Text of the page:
Getting Started

Thinking about grad school? Consider this before applying.

Written by Eric Titner

There’s no denying the fact that we’re currently living through extremely uncertain times—with everything from a persistent global pandemic and its resulting economic and social impact to waves of technological innovation forcing an evolution across nearly every facet of our lives. As we try to navigate through these unprecedented times, all of these volatile forces have led many of us to powerful inflection points in our lives. In such an unpredictable environment, it can be a challenge to figure out what strategies for personal fulfillment and career advancement make sense, as we wonder what work and life will look like in a post-COVID world and what skills we’ll need to master to succeed in the future.

Although this current era will most likely be remembered as a time of considerable disruption, even in the most volatile of times opportunities exist—especially for those who are brave enough to consider reinventing themselves and allow for growth and change. Chief among the options to consider at moments like these is continuing education. Whether or not to go to grad school is a common decision many of you might be currently thinking about. It’s long been said that those who embrace the notion of lifelong learning are best poised to steer through uncertainty and grab success from the mouth of uncertainty.

Going to grad school is a big move and one you should carefully think through before deciding whether or not to race full steam ahead. Is investing the time, money, and effort to go to grad school a worthwhile investment for you? Consider the following before making your final decision.

What are your goals?

Everyone likely has a different set of reasons for considering grad school, based on your individual life goals. Are you looking to advance your career or embark on a new professional path? Build new skills for personal advancement or just dive into a new hobby or area of interest? Make sure to have a clear understanding of your reasons for wanting to go to grad school so you can get started on the path to making an informed and careful decision regarding whether it is wise or even necessary to achieve your goals.

What will it cost?

In years past, grad school was considered a rock-solid investment in your personal and professional future. But times change, and it’s forcing folks to reevaluate the value of pursuing an advanced degree in this brave new world of rapidly evolving opportunities. A big factor that’s upsetting the old way of thinking is cost—simply put, the cost of earning a graduate degree has skyrocketed in recent years, and finding the funds to finance grad school has become more challenging. On top of this, the notion of borrowing your way through grad school has become increasingly less desirable as the stigma against burying yourself in student loan debt continues to grow and gain attention. When thinking about grad school, be sure to have a clear sense of all costs involved when determining if it’s a good decision for you.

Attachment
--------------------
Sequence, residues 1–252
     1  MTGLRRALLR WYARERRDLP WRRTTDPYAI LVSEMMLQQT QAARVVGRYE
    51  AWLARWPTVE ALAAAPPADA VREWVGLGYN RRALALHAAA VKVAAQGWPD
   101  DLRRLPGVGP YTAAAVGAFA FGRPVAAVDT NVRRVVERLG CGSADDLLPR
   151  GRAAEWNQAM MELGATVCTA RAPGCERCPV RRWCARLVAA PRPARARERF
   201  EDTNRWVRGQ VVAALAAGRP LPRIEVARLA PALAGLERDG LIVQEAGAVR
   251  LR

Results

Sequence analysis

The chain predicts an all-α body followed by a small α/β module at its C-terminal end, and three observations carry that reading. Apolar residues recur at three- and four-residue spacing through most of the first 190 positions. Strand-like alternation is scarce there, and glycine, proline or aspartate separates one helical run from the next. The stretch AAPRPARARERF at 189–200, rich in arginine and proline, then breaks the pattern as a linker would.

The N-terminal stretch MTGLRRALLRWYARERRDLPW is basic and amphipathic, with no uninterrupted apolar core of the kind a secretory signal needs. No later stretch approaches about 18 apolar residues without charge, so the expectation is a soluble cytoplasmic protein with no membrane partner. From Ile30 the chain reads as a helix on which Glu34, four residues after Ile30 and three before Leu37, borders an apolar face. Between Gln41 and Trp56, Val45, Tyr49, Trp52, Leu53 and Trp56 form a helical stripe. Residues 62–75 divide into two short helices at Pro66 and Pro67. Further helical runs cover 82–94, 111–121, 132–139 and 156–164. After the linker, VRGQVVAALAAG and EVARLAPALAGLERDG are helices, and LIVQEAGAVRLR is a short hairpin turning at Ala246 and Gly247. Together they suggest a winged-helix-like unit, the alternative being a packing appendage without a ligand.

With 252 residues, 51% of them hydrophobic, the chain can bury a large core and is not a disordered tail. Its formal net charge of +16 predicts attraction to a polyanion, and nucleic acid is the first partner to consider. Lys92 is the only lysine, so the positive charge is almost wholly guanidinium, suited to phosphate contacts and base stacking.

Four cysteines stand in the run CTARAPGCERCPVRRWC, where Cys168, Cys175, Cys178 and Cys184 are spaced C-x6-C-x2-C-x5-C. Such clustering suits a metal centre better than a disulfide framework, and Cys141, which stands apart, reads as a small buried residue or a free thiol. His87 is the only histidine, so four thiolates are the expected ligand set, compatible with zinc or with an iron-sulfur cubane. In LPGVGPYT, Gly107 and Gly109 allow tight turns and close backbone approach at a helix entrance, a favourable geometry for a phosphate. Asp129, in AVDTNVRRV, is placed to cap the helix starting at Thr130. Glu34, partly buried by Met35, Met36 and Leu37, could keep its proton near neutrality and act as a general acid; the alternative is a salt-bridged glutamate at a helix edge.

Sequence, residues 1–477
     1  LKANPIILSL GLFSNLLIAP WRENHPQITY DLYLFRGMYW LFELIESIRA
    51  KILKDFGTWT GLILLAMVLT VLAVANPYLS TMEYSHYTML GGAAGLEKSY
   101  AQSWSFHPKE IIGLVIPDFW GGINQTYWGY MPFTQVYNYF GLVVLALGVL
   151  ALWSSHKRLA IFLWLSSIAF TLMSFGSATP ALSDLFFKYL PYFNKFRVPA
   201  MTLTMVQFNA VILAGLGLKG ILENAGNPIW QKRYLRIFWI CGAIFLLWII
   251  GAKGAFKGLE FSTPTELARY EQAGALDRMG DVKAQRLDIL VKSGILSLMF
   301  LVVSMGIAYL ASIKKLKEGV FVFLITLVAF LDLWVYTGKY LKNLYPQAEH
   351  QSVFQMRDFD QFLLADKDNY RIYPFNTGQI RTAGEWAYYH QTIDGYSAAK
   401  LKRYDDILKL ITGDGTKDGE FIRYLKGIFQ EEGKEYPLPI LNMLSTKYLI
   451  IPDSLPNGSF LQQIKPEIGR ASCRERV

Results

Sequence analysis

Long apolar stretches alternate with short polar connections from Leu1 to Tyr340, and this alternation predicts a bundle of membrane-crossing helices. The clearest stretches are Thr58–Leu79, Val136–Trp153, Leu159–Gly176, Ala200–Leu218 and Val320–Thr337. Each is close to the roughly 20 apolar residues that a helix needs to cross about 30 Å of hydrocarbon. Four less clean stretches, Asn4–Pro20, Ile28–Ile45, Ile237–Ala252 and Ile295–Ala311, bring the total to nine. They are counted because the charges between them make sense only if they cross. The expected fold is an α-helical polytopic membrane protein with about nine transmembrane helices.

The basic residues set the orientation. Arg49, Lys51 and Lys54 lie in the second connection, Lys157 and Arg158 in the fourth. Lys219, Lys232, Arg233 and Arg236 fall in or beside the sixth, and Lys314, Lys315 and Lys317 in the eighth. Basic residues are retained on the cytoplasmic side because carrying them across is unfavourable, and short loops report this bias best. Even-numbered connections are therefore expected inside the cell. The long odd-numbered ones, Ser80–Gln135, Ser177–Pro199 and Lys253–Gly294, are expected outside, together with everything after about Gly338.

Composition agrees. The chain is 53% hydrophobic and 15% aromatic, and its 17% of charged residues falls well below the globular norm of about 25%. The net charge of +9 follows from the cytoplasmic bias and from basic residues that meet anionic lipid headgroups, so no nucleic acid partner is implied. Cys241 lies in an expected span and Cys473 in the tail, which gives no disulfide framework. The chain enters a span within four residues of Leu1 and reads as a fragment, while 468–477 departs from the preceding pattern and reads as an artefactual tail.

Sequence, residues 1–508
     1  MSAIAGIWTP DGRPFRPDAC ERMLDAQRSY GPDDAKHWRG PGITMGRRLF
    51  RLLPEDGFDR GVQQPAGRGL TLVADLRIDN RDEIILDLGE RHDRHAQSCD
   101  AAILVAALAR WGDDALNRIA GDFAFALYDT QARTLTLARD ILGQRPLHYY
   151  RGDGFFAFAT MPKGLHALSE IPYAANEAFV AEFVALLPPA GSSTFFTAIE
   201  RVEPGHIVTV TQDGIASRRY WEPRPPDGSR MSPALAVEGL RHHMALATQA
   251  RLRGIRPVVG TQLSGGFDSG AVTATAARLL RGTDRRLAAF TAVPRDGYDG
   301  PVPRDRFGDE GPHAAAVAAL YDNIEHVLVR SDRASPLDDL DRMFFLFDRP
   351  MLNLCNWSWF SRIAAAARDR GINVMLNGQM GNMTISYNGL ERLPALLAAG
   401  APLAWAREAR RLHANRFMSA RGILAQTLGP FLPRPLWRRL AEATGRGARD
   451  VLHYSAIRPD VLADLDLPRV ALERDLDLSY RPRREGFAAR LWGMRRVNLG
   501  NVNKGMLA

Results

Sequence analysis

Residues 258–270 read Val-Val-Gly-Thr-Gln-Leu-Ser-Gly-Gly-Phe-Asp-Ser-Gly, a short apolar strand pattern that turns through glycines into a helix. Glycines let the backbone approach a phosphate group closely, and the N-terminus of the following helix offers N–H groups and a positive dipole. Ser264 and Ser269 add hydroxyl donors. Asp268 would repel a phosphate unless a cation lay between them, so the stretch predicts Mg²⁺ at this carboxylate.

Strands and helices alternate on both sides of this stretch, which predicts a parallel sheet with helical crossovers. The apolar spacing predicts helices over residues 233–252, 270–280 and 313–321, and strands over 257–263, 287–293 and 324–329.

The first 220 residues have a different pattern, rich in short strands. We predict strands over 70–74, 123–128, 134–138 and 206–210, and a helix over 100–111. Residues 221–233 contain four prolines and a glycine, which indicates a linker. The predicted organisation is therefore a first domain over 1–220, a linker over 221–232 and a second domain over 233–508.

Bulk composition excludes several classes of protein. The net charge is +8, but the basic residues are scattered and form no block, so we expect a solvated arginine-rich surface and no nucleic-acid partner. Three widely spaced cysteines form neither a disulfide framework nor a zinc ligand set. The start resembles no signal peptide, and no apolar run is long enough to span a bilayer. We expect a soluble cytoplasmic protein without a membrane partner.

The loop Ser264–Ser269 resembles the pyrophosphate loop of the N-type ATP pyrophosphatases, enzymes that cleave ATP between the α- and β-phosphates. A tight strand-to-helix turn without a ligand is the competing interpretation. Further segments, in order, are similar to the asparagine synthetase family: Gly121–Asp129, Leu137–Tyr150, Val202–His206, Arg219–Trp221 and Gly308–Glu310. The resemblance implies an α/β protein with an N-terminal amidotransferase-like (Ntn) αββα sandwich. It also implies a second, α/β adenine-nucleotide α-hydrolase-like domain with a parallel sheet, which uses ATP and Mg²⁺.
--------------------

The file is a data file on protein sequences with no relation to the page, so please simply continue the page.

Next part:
Do you have alternatives?

When weighing the decision to go to grad school, ask yourself if the return on investment makes sense for you based on your specific goals or if there are viable alternative options worth considering. If your goals are centered around professional advancement, ask yourself if grad school is a requirement to move up the ladder in your field or if are there other avenues for growth. If your goals are more aligned with the pursuit for self-improvement, ask yourself if there are other ways to achieve these goals that may make more sense for you. When weighing any significant life decision, you should always consider the alternatives—and deciding whether or not to go to grad school is no exception.

In this era of uncertainty and change, it can be a great time to take stock of your life and retool. As we look forward into the future, reflect on experiences and lessons learned, and think about what we want out of life moving forward, it can be a prime opportunity to set new goals, take on new challenges, and work towards enacting positive change. If deciding whether or not to go to grad school is on your horizon, consider the point mentioned here to help you make the right decision.

About the author

Eric Titner

Eric is a NYC-based editor and writer, with years of experience in career-focused content development across a wide range of industries.